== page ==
Rabbit Snail – Care, Feeding, Tank Mates & Breeding (Video)
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Rabbit snails, also called elephant snails, are a great addition to most freshwater aquariums. Rabbit snails are peaceful. This is why they get along with many types of fish and shrimp.
They are not very popular because they don’t eat many types of algae, are slow breeders and you can’t find them in just any pet store.
In this article I will how to care for rabbit snails, what to feed them, which are the best tank mates for your rabbit snails and how to breed rabbit snails.
Below, I’ve also included a short video about one of my rabbit snail.
Rabbit Snail Care
Rabbit snails are relative easy to care for, however there are few things to consider before buying rabbit snails.
The substrate of the tank should be fine. You can use sand, small gravel or any substrate that is light. Rabbit snails like to dig themselves into the substrate time-to-time, so you need to give them the opportunity to hide.
If you keep rabbit snails with fish, please be careful with medication. Rabbit snails are very sensitive to copper. You should avoid medication that contains copper in your tank with rabbit snails.
Here are the water parameters for rabbit snails:
- Water pH Level: 7.5-8.5
- Water Temperature: 75-88 °F (24-31 °C)
- Water hardness (dGH): 4-12
- 0 ppm ammonia, 0 ppm nitrites, max 10 ppm nitrates
If you are using RO/DI water in your tank, you should consider re-mineralizing the water. Keep rabbit snails in harder water in order to avoid shell corrosion.
Rabbit Snails Feeding & Best Food
The rabbit snails will accept any vegetable or algae based fish food such as flakes, algae wafers even frozen bloodworms.
They love fresh food too such as lettuce, beans, spinach, carrots, broccoli, kale, zucchini, peas, cucumber and even leaves. Many times I feed my snails with fresh or dried dandelion leaves. To vary up their diet, some-times I also feed them with soilent green, which I purchased from Amazon.
Whatever you feed them, make sure you offer a varied diet which is rich in calcium.
Rabbit snails will also eat soft algae, but if there is other source of food, they will avoid algae.
If you keep rabbit snails in a planted tank, you should beware, that some-times they might taste few of your plants. Plants with large and softer leaves and stem plants are their main target.
Plants with strong stems and leaves such as java fern, amazon sword, Anubias or floating plants are safe from rabbit snails.
Though, if your sails are well-fed they will avoid live plants.
Rabbit Snail Tank Mates
As mentioned before, rabbit snails can live together with many types of fish, shrimp and snails. When choosing tank mates for rabbit snails, you should always pick those that are peaceful.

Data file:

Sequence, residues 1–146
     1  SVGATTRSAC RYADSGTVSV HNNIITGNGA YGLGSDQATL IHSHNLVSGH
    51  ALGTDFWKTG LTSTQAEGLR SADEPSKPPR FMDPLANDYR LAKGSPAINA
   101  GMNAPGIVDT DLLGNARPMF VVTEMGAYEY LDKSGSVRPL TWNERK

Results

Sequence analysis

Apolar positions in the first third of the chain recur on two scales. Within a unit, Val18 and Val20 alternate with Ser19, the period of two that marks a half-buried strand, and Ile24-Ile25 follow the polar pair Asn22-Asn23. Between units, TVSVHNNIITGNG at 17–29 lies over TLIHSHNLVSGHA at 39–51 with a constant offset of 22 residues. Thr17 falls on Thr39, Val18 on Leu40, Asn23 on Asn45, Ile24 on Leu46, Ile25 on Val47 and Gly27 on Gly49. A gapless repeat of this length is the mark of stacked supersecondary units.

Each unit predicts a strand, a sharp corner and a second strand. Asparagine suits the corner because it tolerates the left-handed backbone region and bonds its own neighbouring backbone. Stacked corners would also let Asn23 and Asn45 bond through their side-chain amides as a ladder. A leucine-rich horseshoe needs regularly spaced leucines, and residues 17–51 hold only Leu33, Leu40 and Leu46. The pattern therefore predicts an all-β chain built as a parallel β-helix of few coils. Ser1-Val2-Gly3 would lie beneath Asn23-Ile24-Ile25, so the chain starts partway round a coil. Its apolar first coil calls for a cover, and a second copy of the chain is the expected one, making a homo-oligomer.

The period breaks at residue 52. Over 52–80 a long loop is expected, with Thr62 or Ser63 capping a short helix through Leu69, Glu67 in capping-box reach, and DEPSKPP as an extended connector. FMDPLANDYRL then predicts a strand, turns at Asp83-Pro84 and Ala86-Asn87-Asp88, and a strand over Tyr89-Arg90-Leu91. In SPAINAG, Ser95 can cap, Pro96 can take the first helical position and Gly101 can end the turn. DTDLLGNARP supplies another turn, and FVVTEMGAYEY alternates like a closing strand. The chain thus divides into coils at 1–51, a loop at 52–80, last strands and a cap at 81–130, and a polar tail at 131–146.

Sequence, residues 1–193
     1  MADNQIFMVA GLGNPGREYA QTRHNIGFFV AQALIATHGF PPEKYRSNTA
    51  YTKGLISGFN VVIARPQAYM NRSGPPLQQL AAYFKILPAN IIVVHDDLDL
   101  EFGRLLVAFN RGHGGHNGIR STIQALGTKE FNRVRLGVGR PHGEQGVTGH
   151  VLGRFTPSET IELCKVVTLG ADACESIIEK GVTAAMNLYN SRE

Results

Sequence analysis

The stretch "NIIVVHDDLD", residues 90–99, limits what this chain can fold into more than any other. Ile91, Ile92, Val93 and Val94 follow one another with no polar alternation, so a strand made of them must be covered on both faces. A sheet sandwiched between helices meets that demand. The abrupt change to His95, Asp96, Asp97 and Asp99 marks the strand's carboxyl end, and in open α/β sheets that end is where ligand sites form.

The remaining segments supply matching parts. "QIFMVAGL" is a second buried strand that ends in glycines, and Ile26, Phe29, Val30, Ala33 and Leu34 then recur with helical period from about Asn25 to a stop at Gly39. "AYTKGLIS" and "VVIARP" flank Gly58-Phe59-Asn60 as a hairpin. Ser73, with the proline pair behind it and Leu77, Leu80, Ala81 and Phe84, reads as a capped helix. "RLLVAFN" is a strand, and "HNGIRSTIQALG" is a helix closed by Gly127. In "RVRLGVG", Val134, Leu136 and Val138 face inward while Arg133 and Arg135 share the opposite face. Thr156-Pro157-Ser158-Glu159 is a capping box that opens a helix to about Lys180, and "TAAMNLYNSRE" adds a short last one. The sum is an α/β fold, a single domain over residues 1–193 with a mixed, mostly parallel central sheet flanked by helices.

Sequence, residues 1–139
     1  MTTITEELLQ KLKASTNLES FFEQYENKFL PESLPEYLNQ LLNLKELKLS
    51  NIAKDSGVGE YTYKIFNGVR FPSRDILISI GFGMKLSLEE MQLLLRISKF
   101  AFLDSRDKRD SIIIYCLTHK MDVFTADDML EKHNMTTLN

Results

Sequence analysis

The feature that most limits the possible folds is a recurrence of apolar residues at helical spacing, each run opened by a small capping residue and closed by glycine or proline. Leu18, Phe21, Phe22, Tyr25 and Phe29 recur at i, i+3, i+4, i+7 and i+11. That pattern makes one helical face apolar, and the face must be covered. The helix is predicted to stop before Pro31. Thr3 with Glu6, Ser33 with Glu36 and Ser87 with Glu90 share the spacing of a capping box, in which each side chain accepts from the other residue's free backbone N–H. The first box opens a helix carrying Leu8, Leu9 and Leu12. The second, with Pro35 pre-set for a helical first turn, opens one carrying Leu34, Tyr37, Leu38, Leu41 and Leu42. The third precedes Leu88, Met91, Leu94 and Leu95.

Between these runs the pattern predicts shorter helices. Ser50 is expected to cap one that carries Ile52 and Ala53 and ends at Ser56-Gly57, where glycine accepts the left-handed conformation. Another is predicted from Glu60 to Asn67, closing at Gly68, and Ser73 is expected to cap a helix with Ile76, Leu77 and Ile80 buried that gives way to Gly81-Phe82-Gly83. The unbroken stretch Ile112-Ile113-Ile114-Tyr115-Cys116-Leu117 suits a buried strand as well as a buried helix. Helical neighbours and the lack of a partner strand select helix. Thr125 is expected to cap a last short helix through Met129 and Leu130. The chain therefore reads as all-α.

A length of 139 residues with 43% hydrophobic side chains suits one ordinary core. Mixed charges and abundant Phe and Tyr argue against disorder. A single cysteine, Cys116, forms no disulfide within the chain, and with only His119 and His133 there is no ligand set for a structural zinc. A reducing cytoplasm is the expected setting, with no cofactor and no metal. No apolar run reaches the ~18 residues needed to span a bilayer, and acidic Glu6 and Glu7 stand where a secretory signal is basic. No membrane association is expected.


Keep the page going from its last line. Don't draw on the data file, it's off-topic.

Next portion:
Snails such as mystery snails, nerite snails, ramhorn snails, ivory snail or trumpet snail are great tank mates.
Amano shrimp, cherry shrimp, ghost shrimp, vampire shrimp and bamboo shrimp also goes well with rabbit snails.
Keeping fish together with rabbit snails is also possible. Most livebearers such as guppies, mollies, platies and swordtails are good options for keeping together with rabbit snails.
You should avoid keeping rabbit snails with angelfish, betta fish, cichlids or goldfish or any other aggressive fish. These fish can harm or kill your rabbit snails.
Life Span of Rabbit Snails
If kept in good conditions, rabbit snails can live for 2-5 years. They become sexually mature at around one year old, when they start mating and reproducing.
You can increase the life span of rabbit snails by keeping them in good water conditions, feeding them a high variety of food and supplements that are rich in calcium and minerals. Regular water changes are also a must when keeping rabbit snails.
During their lifetime, female rabbit snails can produce around 20-30 baby snails.
Rabbit Snail Breeding
As mentioned above, rabbit snails are slow breeders. They reach sexual maturity at around one year old when they are 1.5 inches (3.8 cm) in length.
Rabbit snails are dioecious, meaning that they have distinct male and female individuals. They are monomorphic, which means that males and females are similar and can’t be distinguished. They are also oviparous, which means that the female carries the fertilized eggs.
Female rabbit snails can carry 1-3 eggs at a time. They will carry the eggs for about 5 weeks. The female will release an egg sac, which contains a fully developed baby snail. The baby snail will break through the egg shell and will start crawling and grazing on biofilm and algae.
When born, babies are around 1/8 – 1/4 inches (3-6 mm) in size.
Females are able to carry sperm for long time. This means, that once they are fertilized by a male, they don’t need to mate again in order to produce baby snails.
While female and male rabbit snails are very similar, in order to have great success in breeding them, you need to start with at least 6 snails. This way you can ensure that you have at least one female and one male.
Aquarium Size for Rabbit Snails
Rabbis snails can grow pretty large, compared to other fresh water snails. They can reach a length of about 1.5 inches (3.8 cm) at maturity and 2-3 inches (5-7 cm) when they are fully grown.
Rabbit snails can live in smaller tanks (10 gallons – 40 liter) if it is maintained regularly. However, I recommend keeping rabbit snails in aquariums that are at least 20 gallons (80 liter).
In larger aquariums the water parameters are more stable and the snails have more room to crawl and explore.
I really hope, this guide has helped you figuring out whether rabbit snails are a good choice for you or not. If you follow the instructions I gave you above, you will be successful at keeping, breeding and rising rabbit snails in your aquarium.
As I promised at the beginning, here is the video of my rabbit snail crawling around in one of my fish tanks: